Greek voters crave return to mainstream politics

Greek voters crave return to mainstream politics

Greek voters appear set to defy a surge of support populist parties across Europe in a general election Sunday, with the pro-EU center-right opposition firmly in the lead.

Left-wing Prime Minister Alexis Tsipras called the snap poll after being trounced in May’s European parliamentary elections and several months after his coalition with a nationalist partner collapsed. It followed a grueling four years in office for Tsipras, largely defined by economic hardship and a slow recovery after Greece limped out of an international bailout.

The government’s main rival, Kyriakos Mitsotakis’ conservative New Democracy, won the European election by nearly 10 percentage points and opinion polls suggest he has held onto the lead in the seven weeks since.

Greece’s decade-long crisis fueled rise of a number of extreme political parties, including extreme right-wing Golden Dawn, whose leaders espouse Nazi ideology and first gained parliamentary representation in 2012.

But the end of the bailout era last August has marked a gradual return to traditional politics — in contrast to a large number of European Union members where mainstream parties are under pressure.

Tsipras’ once radical left-wing party, Syriza, has recently aligned itself with policies of the European Socialists.

“Greece was the country that brought about the first genuinely populist coalition, the one of Syriza and (nationalist) Independent Greeks back in 2015, and it is probably the first one that is abandoning this populist coalition and populist politics even though this government has shifted to … relatively more mainstream policies,” says George Pagoulatos, professor of European Politics and Economy at the Athens University of Economics and Business.

“And in that sense it is a moment of political maturity of Greek society especially if compared with other societies in Europe that have gone through far less painful experiences compared to the Greek Great Depression.”

Sunday’s elections come at the tail end of the crippling financial crisis that began in 2010 and left the country dependent on international rescue loans for survival. But the bailouts — three in total — came with strings attached: Austerity measures and reforms. The country’s economy shrank by a quarter, and unemployment spiraled to highs of around 27 percent, from where it has struggled to fall to current levels of around 20 percent.

Now, for the first time in nearly a decade, Greeks head to the polls without the threat of imminent default, crashing out of Europe’s joint currency, the euro, or yet more crushing bailout measures dangling over their heads.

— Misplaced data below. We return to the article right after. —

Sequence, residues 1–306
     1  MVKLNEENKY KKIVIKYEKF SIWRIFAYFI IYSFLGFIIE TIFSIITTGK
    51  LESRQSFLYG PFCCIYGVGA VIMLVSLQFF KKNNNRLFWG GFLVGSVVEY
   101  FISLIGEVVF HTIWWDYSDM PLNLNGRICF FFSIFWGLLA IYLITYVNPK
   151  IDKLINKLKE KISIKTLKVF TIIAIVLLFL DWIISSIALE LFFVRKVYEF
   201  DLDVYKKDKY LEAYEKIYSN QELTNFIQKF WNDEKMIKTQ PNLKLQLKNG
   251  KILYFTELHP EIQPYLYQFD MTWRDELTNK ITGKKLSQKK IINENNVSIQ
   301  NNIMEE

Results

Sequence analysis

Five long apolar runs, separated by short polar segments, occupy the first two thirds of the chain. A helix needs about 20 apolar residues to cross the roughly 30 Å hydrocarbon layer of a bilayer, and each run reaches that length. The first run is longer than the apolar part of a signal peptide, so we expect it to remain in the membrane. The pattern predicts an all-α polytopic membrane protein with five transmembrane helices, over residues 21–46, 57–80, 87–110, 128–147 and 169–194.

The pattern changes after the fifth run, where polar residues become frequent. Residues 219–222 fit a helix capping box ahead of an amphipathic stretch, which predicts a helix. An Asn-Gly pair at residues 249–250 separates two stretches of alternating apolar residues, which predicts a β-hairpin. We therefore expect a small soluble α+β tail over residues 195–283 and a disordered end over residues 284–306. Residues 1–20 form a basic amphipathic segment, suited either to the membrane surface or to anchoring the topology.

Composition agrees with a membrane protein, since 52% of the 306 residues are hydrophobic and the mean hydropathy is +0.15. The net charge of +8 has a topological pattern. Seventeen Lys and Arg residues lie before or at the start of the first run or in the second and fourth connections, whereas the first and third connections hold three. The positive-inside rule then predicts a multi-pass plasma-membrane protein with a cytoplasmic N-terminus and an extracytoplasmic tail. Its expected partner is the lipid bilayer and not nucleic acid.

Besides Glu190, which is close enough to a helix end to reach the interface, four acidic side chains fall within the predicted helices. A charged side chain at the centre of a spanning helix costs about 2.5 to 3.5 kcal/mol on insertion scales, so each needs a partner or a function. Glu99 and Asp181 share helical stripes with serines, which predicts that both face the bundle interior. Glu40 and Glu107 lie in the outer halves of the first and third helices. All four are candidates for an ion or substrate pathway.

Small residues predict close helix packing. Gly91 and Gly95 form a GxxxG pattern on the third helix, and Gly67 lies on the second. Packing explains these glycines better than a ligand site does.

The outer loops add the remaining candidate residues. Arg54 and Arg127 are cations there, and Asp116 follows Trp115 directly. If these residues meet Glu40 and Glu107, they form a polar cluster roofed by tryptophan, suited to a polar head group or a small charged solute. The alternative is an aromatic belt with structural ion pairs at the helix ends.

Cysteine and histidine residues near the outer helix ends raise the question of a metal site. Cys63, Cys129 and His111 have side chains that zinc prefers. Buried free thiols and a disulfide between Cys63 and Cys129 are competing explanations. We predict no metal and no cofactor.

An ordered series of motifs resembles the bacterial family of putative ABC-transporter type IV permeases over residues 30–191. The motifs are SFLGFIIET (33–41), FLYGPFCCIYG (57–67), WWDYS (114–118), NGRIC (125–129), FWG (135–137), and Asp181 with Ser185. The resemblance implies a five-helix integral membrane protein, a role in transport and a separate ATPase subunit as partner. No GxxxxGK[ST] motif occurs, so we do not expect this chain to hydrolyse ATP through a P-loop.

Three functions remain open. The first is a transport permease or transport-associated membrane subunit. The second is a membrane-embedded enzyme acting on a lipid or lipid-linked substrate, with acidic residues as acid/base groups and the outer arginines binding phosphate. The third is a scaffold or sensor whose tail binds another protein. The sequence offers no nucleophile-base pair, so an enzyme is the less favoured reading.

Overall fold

Despite a recent spending spree on social handouts, Tsipras is struggling to recover lost ground, with opinion polls putting New Democracy’s Mitsotakis firmly in the lead and suggesting that the conservatives are attracting undecided voters at nearly twice the rate of Syriza in the final week of campaigning.

The 51-year-old Mistotakis, son of the late conservative prime minister Constantine Mitsotakis, has run on a campaign promise to slash bailout-era taxes and building on business-friendly reforms imposed by creditors.

“Mr. Tsipras decided to overtax the middle class. So there is this clear room to scale back from this excessive taxation. Everyone seems to agree that we have to lower taxation including our creditors,” Mitsotakis told The Associated Press in a campaign stop in central Greece.

Encouraging his supporters to ignore opinion polls, Tsipras has campaigned on a pledge to continue repairing the welfare state and the national health service — an effort, he argues, that would be halted by his opponents.

He also took aim at Mitsotakis’ privileged background.

“The crown princes (of Greek politics) should not be in such a rush to return to the throne — the Greek people have not said their final word,” Tsipras, a veteran of Greek politics at just 44, told supporters at a rally this week in southern Greece. “You are being told that race is over, but our people will never return to those who looted and bankrupted the country.”

The government’s popularity was also hit by its perceived mishandling of a deadly summer wildfire last year in Mati, on the outskirts of Athens that killed 101 people.

His support was also dented by a landmark agreement that took effect this year with neighboring North Macedonia, which formally changed its name from Macedonia to end a decades-long dispute with Athens. Greece has long argued use of the term implies territorial ambitions on its own northern province of the same name.

The deal was warmly welcomed by Greece’s NATO allies but remains unpopular domestically.

Ultimately, however, voters are swayed by their personal finances and the impact of Greece’s draconian bailout commitment, argues politics and economy professor Pagoulatos.

“The policies (Tsipras) had to apply were not policies that most of its supporters would have supported under normal conditions,” he said. “The high tax burden on the middle class has been one of the main reasons why Syriza has lost much of its support.”


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